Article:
IDEAS home Printed from https://ideas.repec.org/
MyIDEAS: Login to save this paper or follow this series

Cross-sectional Aggregation of Non-linear Models

This paper considers the problem of cross-sectional aggregation when the underlying micro behavioural relations are characterised by general non-linear specifications. It focuses on forecasting the aggregates, and shows how an optimal aggregate model can be derived by minimising the mean squared prediction errors conditional on the aggregate information. It also derives model selection criteria for distinguishing between aggregate and disaggregate models when the primary object of the analysis is forecasting the aggregates, and establishes the consistency of the model selection criteria in large samples. In the case of standard non-linear micro relations with additive specifications, boot-strap techniques are considered to correct for small sample bias of the proposed model selection criteria. The paper also contains an empirical application where log-linear production functions are estimated for the UK economy disaggregated by eight industrial sectors and at the aggregate level for 1954-1995.

To our knowledge, this item is not available for download. To find whether it is available, there are three options:
1. Check below under "Related research" whether another version of this item is available online.
2. Check on the provider's web page whether it is in fact available.
3. Perform a search for a similarly titled item that would be available.

Paper provided by Faculty of Economics, University of Cambridge in its series Cambridge Working Papers in Economics with number 9803.

as
in new window

Length:
Date of creation: 1998
Date of revision:
Handle: RePEc:cam:camdae:9803
Contact details of provider: Web page: http://www.econ.cam.ac.uk/index.htm

References listed on IDEAS
Please report citation or reference errors to , or , if you are the registered author of the cited work, log in to your RePEc Author Service profile, click on "citations" and make appropriate adjustments.:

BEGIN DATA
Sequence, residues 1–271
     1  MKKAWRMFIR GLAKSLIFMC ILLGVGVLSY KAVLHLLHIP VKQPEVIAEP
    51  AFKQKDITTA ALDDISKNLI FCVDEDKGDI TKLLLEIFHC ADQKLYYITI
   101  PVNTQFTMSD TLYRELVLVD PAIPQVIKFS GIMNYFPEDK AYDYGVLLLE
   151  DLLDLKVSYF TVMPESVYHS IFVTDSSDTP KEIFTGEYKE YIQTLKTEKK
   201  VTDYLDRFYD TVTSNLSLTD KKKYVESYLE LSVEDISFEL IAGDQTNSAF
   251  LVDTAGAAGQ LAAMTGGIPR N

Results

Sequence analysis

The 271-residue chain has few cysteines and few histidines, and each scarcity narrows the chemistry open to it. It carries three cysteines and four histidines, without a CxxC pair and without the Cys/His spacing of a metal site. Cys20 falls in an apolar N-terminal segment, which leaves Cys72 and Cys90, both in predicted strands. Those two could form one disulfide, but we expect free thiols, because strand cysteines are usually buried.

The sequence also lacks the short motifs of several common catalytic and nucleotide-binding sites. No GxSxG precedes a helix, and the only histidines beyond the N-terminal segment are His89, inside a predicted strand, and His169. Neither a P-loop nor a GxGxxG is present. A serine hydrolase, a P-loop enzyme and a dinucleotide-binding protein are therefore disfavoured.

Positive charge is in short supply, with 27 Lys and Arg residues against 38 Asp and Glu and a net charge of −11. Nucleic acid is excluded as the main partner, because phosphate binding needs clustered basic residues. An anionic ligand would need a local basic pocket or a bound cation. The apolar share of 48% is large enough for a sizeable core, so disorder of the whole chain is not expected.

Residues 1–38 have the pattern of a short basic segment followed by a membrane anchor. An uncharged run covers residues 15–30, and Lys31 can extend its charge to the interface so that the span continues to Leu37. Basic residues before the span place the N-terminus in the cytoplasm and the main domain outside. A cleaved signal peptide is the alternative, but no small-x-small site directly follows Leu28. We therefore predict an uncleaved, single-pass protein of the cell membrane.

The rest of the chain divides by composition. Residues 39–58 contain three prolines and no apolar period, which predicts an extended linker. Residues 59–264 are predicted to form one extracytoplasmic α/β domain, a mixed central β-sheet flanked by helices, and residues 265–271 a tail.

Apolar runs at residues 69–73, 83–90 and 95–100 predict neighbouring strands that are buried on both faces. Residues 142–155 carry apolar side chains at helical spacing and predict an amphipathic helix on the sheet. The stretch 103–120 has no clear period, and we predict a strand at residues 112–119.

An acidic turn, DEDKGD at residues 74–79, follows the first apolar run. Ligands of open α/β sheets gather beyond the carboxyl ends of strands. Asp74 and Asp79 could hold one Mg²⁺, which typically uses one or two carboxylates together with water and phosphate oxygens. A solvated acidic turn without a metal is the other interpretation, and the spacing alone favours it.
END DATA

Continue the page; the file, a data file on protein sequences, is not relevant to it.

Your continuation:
as in new window
  1. Robert J. Barro, 1995. "Inflation and Economic Growth," NBER Working Papers 5326, National Bureau of Economic Research, Inc.
  2. Christiano, Lawrence J & Eichenbaum, Martin, 1992. "Current Real-Business-Cycle Theories and Aggregate Labor-Market Fluctuations," American Economic Review, American Economic Association, vol. 82(3), pages 430-50, June.
  3. Stoker, Thomas M, 1984. "Completeness, Distribution Restrictions, and the Form of Aggregate Functions," Econometrica, Econometric Society, vol. 52(4), pages 887-907, July.
  4. Lewbel, Arthur, 1989. "Exact Aggregation and a Representative Consumer," The Quarterly Journal of Economics, MIT Press, vol. 104(3), pages 621-33, August.
  5. N. Gregory Mankiw & David Romer & David N. Weil, 1990. "A Contribution to the Empirics of Economic Growth," NBER Working Papers 3541, National Bureau of Economic Research, Inc.
  6. Granger, C. W. J., 1987. "Implications of Aggregation with Common Factors," Econometric Theory, Cambridge University Press, vol. 3(02), pages 208-222, April.
  7. Granger, C.W.J. & Pesaran, H., 1996. "A Decision_Theoretic Approach to Forecast Evaluation," Cambridge Working Papers in Economics 9618, Faculty of Economics, University of Cambridge.
  8. Lewbel, Arthur, 1992. "Aggregation with Log-Linear Models," Review of Economic Studies, Wiley Blackwell, vol. 59(3), pages 635-42, July.
  9. Brown, Bryan W. & Mariano, Roberto S., 1989. "Predictors in Dynamic Nonlinear Models: Large-Sample Behavior," Econometric Theory, Cambridge University Press, vol. 5(03), pages 430-452, December.